How to Watch the 2019 Women’s World Cup
The tourney starts soon. Here’s how to watch, and what to watch for.
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I’ll be frank with you: You don’t need a reason to watch the upcoming Women’s World Cup (WWC). It has the best teams in the world, in the world’s biggest sport, playing each other back-to-back-to-back. The action is nonstop; it’s a bacchanal of soccer. Indulge without guilt, especially since the tournament’s setting—France—allows for friendly kick times in the U.S.
The tournament starts on June 7, when the host country kicks against South Korea. The entire tournament will be broadcast on Fox Sports’ family of sites and its Fox Sports GO app. (Here’s the entire broadcast schedule, led by the opening match on June 7.) It’s going to be an insane couple of weeks. Here’s what you should be looking for:
The U.S. Women’s National Team
The three-time Women’s World Cup champions are still the favorites, and they’ll return a ton of their best players of recent past (Carli Lloyd, Alex Morgan, Megan Rapinoe) alongside a new wave of exciting young American talent (Mallory Pugh, Lindsey Horan). Compared to their USMNT counterparts, the women’s team plays a more fun and fluid style, featuring some of the best stylists (Tobin Heath, Megan Rapinoe) in the game. Americans’ interest in soccer is cresting, and this is the team that they deserve.
USWNT’s quest for a fourth World Cup title kicks off on June 11 against Thailand.
Marta Is Here
Brazilian forward Marta is a legend... a legend who has never won the World Cup. Marta is 33 and might only have one World Cup left after this one. Brazil should get out of their group, but can Marta lift them deep into the knockout stages?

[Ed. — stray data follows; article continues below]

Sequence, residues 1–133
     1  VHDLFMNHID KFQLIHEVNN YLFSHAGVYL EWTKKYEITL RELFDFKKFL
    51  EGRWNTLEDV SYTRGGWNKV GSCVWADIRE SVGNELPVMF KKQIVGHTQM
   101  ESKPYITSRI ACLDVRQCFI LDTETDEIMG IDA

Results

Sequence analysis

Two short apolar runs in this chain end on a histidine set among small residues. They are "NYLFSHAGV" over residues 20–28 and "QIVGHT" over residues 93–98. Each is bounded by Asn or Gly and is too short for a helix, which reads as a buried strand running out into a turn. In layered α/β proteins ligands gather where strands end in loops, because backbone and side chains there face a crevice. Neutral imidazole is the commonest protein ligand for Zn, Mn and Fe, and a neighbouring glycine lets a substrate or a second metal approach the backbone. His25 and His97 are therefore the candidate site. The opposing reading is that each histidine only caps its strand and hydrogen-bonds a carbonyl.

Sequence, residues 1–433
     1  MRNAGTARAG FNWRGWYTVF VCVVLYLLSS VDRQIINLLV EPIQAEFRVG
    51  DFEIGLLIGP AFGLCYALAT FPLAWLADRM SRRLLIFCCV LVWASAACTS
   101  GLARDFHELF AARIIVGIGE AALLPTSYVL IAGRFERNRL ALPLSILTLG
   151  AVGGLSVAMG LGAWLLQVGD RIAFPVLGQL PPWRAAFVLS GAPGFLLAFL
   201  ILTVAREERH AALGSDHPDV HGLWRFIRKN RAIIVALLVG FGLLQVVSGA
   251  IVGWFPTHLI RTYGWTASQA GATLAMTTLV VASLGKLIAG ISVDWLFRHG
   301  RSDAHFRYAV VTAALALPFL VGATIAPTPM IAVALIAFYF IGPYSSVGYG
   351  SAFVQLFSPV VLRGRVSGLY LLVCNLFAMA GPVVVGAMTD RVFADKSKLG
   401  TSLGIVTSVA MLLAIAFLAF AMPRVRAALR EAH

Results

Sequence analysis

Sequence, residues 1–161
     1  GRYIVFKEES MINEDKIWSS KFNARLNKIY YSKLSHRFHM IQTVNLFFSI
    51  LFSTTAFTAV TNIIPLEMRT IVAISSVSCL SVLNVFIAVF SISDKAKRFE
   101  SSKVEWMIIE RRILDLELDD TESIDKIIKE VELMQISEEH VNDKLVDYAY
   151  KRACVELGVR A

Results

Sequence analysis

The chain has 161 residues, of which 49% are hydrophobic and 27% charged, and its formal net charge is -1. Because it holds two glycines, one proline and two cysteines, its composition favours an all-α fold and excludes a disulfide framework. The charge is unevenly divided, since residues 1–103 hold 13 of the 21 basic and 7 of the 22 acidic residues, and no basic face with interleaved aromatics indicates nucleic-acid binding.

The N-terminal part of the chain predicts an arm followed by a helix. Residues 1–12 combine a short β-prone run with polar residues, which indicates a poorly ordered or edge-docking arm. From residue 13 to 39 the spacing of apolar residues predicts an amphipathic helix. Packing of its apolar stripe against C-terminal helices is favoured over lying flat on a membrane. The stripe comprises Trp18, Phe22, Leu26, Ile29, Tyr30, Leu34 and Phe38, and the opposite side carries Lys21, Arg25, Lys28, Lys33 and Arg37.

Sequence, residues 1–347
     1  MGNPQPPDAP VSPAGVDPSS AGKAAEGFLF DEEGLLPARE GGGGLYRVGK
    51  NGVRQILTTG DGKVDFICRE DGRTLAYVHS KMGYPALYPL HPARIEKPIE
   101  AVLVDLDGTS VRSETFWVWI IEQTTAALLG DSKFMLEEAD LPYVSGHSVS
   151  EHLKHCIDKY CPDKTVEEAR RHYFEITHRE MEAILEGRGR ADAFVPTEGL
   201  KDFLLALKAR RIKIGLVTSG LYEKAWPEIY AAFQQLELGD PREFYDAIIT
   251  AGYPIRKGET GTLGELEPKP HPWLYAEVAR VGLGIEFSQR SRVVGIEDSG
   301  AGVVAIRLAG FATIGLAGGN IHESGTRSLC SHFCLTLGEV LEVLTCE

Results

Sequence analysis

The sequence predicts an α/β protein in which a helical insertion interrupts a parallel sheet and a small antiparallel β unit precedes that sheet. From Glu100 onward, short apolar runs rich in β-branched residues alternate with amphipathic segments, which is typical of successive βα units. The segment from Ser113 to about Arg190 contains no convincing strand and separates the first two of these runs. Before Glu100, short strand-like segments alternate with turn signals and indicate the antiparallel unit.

The WWC Is a Broadcasting Showcase
This is a painful reminder I’m just going to put out there: The USMNT did not qualify for the 2018 World Cup in Russia, one of the most disappointing developments in this generation of U.S. Soccer. Fox Sports, which owns the broadcast rights for the World Cups, is rallying its top talent to provide coverage for the 2019 WWC. Fox is on a mission: It’s got to make up for lost time and build out the future of its World Cup broadcasting. The WWC will be an exciting first chapter to the next cycle of international World Cups.
The Field Is Deeper Than Ever
Since the WWC includes only 24 teams, the group stage proceeds a little bit differently from the 2018 World Cup. Of the six groups of four teams, the best two from each group will make it through. Then, the four best third-place teams will also make it to the group stage, giving the cup a tournament-friendly knockout number of 16.
The top half of the field is stacked. While the U.S. is the odds-on favorite, some books have France tied with the U.S. for best odds, with Germany and England not too far behind. Australia has Sam Kerr, and thus cannot be ruled out of any result.
America’s Next Big Star
Despite being anointed as America’s next great player in her teens, Mal Pugh is a pretty grounded personality. She seems as if she’d be the last person to make the U.S.’s success about her.
But the reality is that after this cup many of this year’s squad will move on. It seems unlikely that Megan Rapinoe or Carli Lloyd will be around to be selected for 2023. America is looking for a new star, and the low-key Pugh has been a force so far in her young career. Pair her creativity with some world-class service from the American midfield and the U.S. could have a new superstar in about two weeks’ time. Just 21, she has 52 caps and 15 goals so far. How many will she add to that tally?
Scotland’s men’s team is typically a long shot to qualify in the World Cup—they haven’t qualified since 1990. However, their women’s team is this tournament’s easy-to-love underdog with the hardest unis in the field. Their fans will be in full throat.
“All the World’s a Stage” — some guy
The best part of the World Cup is the pageantry. The music, the venues, the fact that fans from some 24 countries will all be in the same place, drinking the same beer and indulging in as many soccer-related events as possible.
While play can, at times, be a little more disjointed than in club soccer, any gap in soccer quality is easily filled by the overflow of emotion and national pride. It’s the best event in the world, and it only happens once every four years.
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